Leonard narrows his eyes at this interaction and holds up the screwdriver. "Jim, want to tell me what's going on here?"

Jim's eyes widen just a fraction and his teeth sink into his bottom lip.

"S-Smoke," says Bob on Kirk's behalf.

Leonard has to question if the poor man's brains weren't scrambled before the smoke inhalation. "Yes, lots of smoke. Bad smoke. Who started the fire?"

"No fire," Jim finally supplies, if reluctantly. "The stove started smoking, and I called Bob in to help."

"And Bob is...?"

"The building's handyman."

Leonard sits down on the floor with a thump. "My god, Jim, what did you break?"

Jim gives him an unsure smile before he begins to explain. Half a minute into the explanation, Leonard wishes he hadn't asked.

Later, once Bob is fully recovered from his shock and has lumbered off to contact the landlord, Leonard considers the misshapen lump that used to be his stove. At Leonard's side, Jim looks guilty.

"How could you possible kill a stove, Jim?"

Jim's sudden fidgeting is close to a squirm. "At least it didn't blow up. Scotty would have blown it up."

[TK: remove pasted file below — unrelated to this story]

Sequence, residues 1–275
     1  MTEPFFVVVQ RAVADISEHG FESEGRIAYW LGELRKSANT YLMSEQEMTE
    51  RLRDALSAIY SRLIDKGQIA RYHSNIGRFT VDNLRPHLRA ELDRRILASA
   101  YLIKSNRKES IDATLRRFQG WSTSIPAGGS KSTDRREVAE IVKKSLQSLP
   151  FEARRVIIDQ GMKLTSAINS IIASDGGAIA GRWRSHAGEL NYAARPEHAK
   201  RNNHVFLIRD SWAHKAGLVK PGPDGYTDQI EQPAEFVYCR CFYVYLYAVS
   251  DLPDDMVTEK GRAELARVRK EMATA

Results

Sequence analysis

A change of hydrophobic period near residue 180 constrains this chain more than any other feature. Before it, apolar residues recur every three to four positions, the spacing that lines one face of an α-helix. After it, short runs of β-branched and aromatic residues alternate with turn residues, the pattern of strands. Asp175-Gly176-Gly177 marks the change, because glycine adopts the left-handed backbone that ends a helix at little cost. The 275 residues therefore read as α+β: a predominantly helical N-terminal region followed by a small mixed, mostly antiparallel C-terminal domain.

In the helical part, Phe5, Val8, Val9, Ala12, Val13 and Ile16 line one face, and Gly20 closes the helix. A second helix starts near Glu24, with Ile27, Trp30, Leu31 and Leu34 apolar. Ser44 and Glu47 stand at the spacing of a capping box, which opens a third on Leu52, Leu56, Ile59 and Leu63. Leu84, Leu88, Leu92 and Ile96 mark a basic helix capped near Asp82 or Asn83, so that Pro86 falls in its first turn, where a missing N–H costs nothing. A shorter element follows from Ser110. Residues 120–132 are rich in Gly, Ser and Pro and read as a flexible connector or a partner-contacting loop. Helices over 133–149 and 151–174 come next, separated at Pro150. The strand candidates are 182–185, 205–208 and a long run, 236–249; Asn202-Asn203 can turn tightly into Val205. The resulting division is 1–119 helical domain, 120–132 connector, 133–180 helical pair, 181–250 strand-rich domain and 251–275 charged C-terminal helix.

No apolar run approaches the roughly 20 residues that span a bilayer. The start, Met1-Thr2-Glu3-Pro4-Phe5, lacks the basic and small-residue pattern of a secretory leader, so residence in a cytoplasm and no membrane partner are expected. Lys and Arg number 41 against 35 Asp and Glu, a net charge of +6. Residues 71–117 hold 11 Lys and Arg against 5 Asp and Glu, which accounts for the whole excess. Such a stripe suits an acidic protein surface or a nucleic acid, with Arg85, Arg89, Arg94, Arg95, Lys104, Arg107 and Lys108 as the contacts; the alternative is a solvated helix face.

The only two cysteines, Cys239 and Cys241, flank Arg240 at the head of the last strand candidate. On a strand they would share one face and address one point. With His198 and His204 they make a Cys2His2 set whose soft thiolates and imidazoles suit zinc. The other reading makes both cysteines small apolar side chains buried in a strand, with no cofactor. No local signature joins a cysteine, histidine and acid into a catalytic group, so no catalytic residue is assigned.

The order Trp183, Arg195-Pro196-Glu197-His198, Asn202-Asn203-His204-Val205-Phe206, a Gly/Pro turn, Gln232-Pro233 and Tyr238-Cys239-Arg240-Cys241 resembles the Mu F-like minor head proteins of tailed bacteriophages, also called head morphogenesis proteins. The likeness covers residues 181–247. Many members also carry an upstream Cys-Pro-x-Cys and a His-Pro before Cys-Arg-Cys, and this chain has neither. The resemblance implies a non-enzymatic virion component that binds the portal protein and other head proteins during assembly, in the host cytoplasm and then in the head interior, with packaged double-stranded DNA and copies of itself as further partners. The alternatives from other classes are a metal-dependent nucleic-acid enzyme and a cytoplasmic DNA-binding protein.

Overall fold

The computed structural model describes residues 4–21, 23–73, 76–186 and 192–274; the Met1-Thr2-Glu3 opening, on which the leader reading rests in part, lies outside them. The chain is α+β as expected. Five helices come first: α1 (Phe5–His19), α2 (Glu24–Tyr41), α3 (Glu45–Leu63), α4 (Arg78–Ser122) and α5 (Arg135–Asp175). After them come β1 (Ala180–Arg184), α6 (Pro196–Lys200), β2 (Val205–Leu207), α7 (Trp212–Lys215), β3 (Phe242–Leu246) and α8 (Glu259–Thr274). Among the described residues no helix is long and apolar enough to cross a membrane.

Leonard rounds on his roommate and jabs a finger into a breastbone. "Scotty's not here, you are! You destroyed my kitchen!"

"I'll pay for it."

"No, the insurance will pay for it. You will get a hobby—preferably one that involves you actually stepping foot outside of this apartment!"

Jim widens his stance and crosses his arms. "Hey, it's not like I don't go out."

Leonard ticks off one finger. "To the corner store." Then another. "To the Chinese joint across the street." Another. "To pick up packages which technically never requires you to vacate the building." He shakes those three fingers at Jim's nose. "Medical leave does not mean live like a hermit!"

"I'm rehabilitating!"

"No, convicts rehabilitate. Addicts rehabilitate. You're hiding!"

Jim's eyes flash with real temper, and he clams up.

Leonard knows he's said the wrong thing. He pulls back and lowers his voice. "I get it, I do. You're not as comfortable in your skin as you used to be. But that doesn't mean you're not the same person you've always been." Dismayed, he glances at the stove. "I'm not going to push you before you're ready, Jim, but please... try not to cause any more household items to suffer in the meantime."

"Your stove had a design flaw. I wanted to fix it."

Leonard considers that statement because he thinks he hears something Jim isn't saying. Sighing when he comes to a conclusion, Leonard drapes an arm over Kirk's shoulders. "I knew it had a flaw."